Chick-fil-A's sandwiches are no longer homophoburgers or free-speech-you-can-eat or whatever the fast food meant during this summer's culture wars. Fried chicken just went back to being delicious as the chain promised to stop "supporting organizations with political agendas," which includes anti-gay groups--a move that's gotten them back into a Chicago's good graces. We learned the news by way of Chicago's The Civil Right Agenda (TCRA) an LGBT-rights advocacy group, who report that Chick-fil-A has penned a letter saying, "The WinShape Foundations is now taking a much closer look at the organizations it considers helping, and in that process will remain true to its stated philosophy of not supporting organizations with political agendas." That letter was addressed to Chicago Alderman Joe Moreno, who along with Boston mayor Thomas Menino, said they would block the chain for its anti-gay views. WinShape is the chain's not-for-profit charitable arm that had previously donated to groups opposing gay marriage. TCRA adds, "In meetings the company executives clarified that they will no longer give to anti-gay organizations, such as Focus on the Family and the National Organization for Marriage."
Of course, the nugget here (har har) is the statement seems to have come out in a roundabout way (second-hand, through the TCRA) not from Chick-fil-A itself. But according to Buzzfeed, a spokesman did not contest what was said in TCRA's release. And Alderman Moreno, according to the Chicago Tribune, was so satisfied with the company's pledge not to back anti-gay groups and promise to include a statement of respect for all sexual orientations that he has allowed the chain to open to a restaurant in Chicago's Logan Square--a move he previously threatened to block. "It's one thing to say that's the way you feel — it's another thing to put it into a company policy and an official company statement," Moreno told the Tribune, adding that he achieved his goal of getting the chain to "affirm that they do not have discriminatory policies."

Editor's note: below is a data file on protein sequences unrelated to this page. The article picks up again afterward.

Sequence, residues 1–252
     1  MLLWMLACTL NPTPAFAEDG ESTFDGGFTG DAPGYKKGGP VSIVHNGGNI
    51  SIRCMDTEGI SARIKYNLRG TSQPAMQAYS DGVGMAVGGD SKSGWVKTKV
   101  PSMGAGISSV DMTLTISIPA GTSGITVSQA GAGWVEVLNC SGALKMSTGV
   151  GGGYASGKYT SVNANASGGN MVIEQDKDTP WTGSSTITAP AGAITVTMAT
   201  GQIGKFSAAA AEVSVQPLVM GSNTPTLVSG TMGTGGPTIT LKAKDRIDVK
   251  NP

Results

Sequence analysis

This article is from the archive of our partner The Wire.
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